Forum for Science, Industry and Business

Sponsored by:     3M 
Search our Site:

 

Alligator egg development at prehistoric oxygen levels

04.08.2005


The development of bone structures in alligator eggs raised under varying oxygen concentrations creates a link to fossil records of the evolution of vertebrates and prehistoric atmospheric oxygen concentrations, according to a paper to be presented at the Earth System Processes 2 meeting in Alberta, Canada.


Alligator eggs hatching"


Harvesting alligator eggs



"Alligator eggs are an ideal self-contained unit for studying the effects of oxygen on development – they have a limited food source in the yolk and they are incubated in their nesting material at a constant temperature of 89°F and 100 percent relative humidity," said John Vanden Brooks, a graduate student in the Department of Geology and Geophysics at Yale University. He noted that large-scale changes in atmospheric partial oxygen pressure would have had wide-ranging effects on vertebrate evolution and development throughout geologic time.

Understanding the environment’s effect on vertebrate evolution and development is essential to the study of ecology, paleontology and evolutionary theory. Oxygen is the most important component in the atmosphere for all vertebrate animals, and while the rise in oxygen level during the Precambrian era has been widely studied, little attention has previously been paid to continued fluctuations throughout the Phanerozoic.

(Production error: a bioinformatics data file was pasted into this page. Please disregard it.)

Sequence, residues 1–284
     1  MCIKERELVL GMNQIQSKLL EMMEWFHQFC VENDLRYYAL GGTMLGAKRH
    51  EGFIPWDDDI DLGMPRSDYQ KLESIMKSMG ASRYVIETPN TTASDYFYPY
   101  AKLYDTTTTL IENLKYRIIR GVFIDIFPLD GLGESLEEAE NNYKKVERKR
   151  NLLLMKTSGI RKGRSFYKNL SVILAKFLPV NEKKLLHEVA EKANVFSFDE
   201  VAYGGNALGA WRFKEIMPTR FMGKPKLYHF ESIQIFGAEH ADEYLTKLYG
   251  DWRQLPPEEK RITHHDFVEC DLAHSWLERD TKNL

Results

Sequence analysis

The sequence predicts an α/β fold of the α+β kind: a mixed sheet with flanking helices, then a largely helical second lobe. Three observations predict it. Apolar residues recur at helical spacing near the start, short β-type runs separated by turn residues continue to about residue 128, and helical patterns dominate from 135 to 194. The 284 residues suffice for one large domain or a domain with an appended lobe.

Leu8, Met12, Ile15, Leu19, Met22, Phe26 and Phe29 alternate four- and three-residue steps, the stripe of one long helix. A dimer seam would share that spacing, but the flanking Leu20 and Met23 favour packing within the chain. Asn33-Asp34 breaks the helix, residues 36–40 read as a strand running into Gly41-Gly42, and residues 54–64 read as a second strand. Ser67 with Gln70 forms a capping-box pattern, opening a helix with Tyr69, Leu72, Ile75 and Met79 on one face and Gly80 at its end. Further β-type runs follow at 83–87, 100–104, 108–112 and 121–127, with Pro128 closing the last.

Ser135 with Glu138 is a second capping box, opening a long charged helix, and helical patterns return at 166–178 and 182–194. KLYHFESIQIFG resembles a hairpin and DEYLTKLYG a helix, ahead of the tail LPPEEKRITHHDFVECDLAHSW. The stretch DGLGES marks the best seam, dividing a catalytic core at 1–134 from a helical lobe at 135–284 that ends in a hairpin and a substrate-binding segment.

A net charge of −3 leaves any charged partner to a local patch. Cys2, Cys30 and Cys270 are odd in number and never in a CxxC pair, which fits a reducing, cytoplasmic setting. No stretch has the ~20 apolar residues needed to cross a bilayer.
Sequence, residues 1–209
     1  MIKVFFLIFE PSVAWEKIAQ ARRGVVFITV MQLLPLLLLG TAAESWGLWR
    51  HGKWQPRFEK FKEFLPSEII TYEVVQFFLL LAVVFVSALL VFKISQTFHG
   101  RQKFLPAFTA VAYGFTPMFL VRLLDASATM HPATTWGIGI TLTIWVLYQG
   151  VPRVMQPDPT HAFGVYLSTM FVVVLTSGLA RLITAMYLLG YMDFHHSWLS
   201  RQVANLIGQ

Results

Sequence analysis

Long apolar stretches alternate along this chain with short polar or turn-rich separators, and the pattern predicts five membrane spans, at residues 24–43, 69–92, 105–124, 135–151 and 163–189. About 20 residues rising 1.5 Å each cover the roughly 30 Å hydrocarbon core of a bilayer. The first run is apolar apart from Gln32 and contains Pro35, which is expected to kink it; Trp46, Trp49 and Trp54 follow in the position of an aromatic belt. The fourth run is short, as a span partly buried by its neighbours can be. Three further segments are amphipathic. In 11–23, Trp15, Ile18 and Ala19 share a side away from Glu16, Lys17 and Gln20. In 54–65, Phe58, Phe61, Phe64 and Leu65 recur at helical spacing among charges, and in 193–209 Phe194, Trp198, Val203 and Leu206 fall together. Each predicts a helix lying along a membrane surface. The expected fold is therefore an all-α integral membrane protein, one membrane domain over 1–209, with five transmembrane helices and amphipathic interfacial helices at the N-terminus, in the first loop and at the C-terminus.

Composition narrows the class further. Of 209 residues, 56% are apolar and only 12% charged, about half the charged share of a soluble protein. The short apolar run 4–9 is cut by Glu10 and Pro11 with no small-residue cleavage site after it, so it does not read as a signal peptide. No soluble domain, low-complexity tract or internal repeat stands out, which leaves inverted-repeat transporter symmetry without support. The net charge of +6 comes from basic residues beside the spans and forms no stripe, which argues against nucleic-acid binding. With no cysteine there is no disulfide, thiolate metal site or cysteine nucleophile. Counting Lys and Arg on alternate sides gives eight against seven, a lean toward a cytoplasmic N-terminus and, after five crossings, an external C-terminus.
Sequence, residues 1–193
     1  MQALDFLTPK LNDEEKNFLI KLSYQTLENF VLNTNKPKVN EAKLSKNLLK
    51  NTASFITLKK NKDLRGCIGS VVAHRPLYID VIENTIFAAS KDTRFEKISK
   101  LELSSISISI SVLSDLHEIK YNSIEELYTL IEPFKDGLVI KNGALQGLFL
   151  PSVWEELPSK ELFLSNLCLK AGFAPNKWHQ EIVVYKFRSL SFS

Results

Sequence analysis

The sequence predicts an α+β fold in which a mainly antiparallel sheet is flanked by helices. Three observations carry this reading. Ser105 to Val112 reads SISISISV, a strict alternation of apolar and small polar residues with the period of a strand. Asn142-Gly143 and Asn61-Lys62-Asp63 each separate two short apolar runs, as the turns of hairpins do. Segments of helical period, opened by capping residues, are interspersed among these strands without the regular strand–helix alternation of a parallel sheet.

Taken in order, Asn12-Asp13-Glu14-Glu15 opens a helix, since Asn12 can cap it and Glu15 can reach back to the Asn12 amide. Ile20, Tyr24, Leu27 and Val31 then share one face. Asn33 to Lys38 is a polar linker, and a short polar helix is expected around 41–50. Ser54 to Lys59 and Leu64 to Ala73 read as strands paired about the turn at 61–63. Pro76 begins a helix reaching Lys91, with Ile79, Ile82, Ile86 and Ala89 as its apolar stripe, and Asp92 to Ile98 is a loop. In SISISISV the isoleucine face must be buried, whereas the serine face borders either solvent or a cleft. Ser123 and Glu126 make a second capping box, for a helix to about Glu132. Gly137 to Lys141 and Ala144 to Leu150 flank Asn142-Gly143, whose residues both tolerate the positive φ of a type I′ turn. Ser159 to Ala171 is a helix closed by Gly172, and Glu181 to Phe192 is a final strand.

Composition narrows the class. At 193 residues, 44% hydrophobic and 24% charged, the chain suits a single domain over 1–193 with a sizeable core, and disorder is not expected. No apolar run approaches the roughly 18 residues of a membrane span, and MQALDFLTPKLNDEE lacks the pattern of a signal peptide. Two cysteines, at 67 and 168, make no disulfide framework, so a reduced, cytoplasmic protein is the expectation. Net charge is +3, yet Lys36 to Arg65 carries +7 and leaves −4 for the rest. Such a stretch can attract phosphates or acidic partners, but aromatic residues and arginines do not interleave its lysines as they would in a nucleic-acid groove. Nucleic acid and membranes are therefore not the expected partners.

His mentor, Robert A. Berner, the Alan M. Bateman Professor of Geology and Geophysics at Yale, characterized the range of atmospheric oxygen levels over multimillion year times scales, and established an upper value of about 31 percent oxygen, and a sharp decline near the Permo-Triassic boundary to about 12 percent. Earth’s current atmosphere is about 21 percent oxygen.

"Each clutch contains 30 – 50 eggs that are laid together, so easy comparison can be made between sibling eggs raised under different partial pressures of oxygen," said Vanden Brooks. Studying five different partial oxygen pressures across this broad range, he found an optimum at 27 percent oxygen. He found that both high and low oxygen levels altered growth patterns and affected the timing and extent of bone development, its chemical composition, and mortality of the developing eggs.

While it is well known that oxygen balance is important in human premature infant development, this work provides an important step in understanding the complex interaction between vertebrate development and oxygen levels.

The talk, "Phanerozoic Oxygen Levels and their Effect on Modern Vertebrate Development" will be presented at the meeting August 8 – 11 that is co-sponsored by the Geological Society of America and the Geological Association of Canada. Eggs were made available by Ruth Elsey of the Rockefeller Wildlife Refuge in Louisiana. The study was funded by the Geological Society of America, the Paleontological Society, the American Museum of Natural History, the American Philosophical Society, the National Science Foundation, Yale Institute for Biospheric Studies, and the Ecology and Systematics of Animals on the Verge of Extinction Fund.

Janet Rettig Emanuel | EurekAlert!
Further information:
http://www.yale.edu

More articles from Earth Sciences:

nachricht 'Quartz' crystals at the Earth's core power its magnetic field
23.02.2017 | Tokyo Institute of Technology